why be poor when we can be rich, truly rich =)

i finished reading last week the ‘8 Secrets of the Truly Rich’ by Bo Sanchez. i happen to see his books on main display at national bookstore, and this title intrigued me. it’s really a nice year-ender read for me. i think this will be my 2008 motto, but more of that in another post. i wish for once, i could do some reflective post. =)

anyhoo, i just want to share this 1 chapter story from the book. it’s about teaching the concept of being poor/rich to the kids. i’m copying the whole story from the book:

‘Some parents ‘train’ their kids to have very small psychological wallets.
We inherit the size of our psychological wallets from our families.
I hear this dialogue a lot in toy stores…

Jr: “Mommy, can you buy this toy for me?”
Mother: “No son, we can’t afford that.”
Jr: “But Mommy, this toy is really nice.”
Mother: “Son, didn’t you hear me? We’re not rich!”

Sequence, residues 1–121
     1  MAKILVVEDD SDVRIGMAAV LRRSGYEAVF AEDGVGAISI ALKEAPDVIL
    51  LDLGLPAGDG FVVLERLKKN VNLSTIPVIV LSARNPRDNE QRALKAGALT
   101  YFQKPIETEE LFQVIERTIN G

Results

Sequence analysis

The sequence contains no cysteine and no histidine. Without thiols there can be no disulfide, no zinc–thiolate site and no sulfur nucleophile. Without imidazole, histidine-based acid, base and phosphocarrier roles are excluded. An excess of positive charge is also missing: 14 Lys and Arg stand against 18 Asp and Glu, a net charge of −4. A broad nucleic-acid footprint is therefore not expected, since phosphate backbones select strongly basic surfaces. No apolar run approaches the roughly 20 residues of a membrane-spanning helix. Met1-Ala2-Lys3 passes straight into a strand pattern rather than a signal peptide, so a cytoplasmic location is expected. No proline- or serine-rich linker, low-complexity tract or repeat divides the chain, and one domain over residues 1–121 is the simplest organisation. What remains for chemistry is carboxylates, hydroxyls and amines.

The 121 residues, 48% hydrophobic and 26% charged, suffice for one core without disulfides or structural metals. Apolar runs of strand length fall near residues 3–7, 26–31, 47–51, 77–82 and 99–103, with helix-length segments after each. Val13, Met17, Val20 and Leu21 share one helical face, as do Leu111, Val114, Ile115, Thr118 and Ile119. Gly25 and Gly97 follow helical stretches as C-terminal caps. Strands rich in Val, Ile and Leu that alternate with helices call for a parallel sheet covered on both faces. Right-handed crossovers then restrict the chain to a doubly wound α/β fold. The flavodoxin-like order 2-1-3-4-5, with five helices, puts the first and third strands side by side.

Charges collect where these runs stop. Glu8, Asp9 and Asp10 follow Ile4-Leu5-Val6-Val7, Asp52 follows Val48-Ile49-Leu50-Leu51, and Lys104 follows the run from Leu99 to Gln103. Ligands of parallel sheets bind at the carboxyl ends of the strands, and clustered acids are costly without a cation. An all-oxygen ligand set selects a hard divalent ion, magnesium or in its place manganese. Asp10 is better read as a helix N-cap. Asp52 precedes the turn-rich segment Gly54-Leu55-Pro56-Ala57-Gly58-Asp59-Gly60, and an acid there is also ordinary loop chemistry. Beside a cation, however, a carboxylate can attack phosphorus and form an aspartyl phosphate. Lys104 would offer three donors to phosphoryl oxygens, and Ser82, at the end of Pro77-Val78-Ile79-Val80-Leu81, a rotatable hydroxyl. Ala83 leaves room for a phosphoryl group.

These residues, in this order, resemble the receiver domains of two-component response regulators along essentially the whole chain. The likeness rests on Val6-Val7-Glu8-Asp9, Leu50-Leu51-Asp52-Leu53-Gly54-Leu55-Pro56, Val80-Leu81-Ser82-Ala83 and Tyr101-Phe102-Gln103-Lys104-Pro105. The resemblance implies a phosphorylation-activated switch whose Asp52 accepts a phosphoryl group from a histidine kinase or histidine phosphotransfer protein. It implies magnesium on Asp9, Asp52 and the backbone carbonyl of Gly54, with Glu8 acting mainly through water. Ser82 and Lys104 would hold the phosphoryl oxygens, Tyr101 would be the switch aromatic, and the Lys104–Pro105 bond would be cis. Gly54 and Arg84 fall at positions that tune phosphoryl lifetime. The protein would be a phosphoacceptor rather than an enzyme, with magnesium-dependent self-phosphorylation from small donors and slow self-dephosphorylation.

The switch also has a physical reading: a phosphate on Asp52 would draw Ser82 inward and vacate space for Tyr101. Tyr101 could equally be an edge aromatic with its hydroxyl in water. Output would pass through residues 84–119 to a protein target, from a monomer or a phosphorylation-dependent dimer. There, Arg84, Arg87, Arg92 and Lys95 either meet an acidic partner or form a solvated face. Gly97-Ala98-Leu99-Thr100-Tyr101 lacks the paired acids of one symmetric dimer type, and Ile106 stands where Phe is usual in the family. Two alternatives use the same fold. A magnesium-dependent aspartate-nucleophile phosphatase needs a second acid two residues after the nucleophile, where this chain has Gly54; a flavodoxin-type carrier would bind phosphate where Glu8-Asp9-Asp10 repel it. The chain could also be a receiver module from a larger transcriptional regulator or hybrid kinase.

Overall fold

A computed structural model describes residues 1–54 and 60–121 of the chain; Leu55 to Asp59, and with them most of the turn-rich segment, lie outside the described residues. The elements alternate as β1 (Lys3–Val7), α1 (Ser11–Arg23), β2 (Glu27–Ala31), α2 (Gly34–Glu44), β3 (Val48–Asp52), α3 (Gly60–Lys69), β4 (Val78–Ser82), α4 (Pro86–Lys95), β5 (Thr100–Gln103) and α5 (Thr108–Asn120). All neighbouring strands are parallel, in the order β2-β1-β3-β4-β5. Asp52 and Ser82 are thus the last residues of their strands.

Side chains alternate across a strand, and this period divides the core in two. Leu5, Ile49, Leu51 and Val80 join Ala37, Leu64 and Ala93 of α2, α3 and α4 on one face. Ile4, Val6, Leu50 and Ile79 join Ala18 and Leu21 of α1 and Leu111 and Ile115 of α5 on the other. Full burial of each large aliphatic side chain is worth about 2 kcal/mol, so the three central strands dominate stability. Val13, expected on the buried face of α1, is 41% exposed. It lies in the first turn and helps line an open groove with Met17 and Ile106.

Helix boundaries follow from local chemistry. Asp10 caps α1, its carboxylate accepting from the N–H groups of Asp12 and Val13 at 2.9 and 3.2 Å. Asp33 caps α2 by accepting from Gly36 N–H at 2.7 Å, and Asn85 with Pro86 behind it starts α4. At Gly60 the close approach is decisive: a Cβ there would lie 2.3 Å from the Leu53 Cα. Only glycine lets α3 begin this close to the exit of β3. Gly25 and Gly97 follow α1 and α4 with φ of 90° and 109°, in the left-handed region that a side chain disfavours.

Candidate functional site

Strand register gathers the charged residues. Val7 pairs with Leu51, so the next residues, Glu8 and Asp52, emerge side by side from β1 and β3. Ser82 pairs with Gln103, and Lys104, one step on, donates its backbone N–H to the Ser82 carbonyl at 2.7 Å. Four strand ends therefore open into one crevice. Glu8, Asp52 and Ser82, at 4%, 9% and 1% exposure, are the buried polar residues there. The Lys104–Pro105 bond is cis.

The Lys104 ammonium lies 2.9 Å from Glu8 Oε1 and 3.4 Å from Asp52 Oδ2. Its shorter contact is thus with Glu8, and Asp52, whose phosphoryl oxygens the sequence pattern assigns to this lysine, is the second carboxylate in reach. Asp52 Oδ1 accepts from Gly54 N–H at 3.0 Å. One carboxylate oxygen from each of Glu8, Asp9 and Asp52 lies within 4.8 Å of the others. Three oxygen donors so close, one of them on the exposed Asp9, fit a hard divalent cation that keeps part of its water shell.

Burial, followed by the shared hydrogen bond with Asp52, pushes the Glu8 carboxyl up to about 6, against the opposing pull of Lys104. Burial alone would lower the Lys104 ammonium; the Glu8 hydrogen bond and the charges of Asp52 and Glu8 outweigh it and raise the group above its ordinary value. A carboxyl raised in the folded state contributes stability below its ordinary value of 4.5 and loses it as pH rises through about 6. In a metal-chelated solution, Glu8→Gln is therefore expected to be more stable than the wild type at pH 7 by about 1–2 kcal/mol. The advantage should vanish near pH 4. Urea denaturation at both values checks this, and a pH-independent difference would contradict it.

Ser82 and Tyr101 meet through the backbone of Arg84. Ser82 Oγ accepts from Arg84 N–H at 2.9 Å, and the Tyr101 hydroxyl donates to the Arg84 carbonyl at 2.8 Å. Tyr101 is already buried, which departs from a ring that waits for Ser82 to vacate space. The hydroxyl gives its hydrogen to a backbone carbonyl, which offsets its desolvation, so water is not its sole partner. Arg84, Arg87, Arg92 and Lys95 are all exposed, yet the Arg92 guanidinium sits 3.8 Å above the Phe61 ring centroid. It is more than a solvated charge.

Jr: “But Mommy, I really, really like this toy!”
Mother: “For the last time some, I’m going to say it again. Get this into your skull. Your family is poor! Your mother is poor! You are poor!”

The child grows up with that label tattooed in his brain: “I’m poor.”
Unless he tears out his family label knitted into his psychology, he will always act like a poor person.
Can I suggest another kind of dialogue?

Jr: “Mommy, can you buy this toy?”
Mother: “We can buy that, but we’re choosing not to.”
Jr: “But Mommy, this toy is really nice.”
Mother: “We can afford it and can buy it right now. But because we’re financially wise people, we’d rather invest our money so that it keeps on growing.”

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owkei. i agree about not using the ‘we’re poor’ excuse to kids. it’s not about giving them a false impression about your true financial state. but somehow, i feel like if we use the ‘we’re poor’ excuse, it’s giving the kids impression that we cannot really do much because we’re poor.

but somehow Bo’s alternative dialogue kind of bothers me. i’m thinking it’s too business-kind-of approach but, well, it’s nice to teach business at young’s mind. but my main problem/objection here is what if it’s the parent’s/my turn to ask something from my kids, they might give me that “we’re financially wise people, we’d rather invest our money so that it keeps on growing” BS.

until now, i’m still thinking of nice excuses/ways of turning down a kid’s plea for buying new stuffs. since migi is at this stage already.